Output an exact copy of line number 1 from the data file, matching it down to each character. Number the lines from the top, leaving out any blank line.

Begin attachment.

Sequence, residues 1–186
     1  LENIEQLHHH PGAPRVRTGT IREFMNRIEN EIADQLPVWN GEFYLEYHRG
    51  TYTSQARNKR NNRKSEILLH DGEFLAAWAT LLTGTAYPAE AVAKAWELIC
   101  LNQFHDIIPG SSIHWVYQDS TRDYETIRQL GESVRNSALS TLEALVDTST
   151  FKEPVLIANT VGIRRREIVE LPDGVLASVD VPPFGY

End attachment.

Sequence, residues 1–186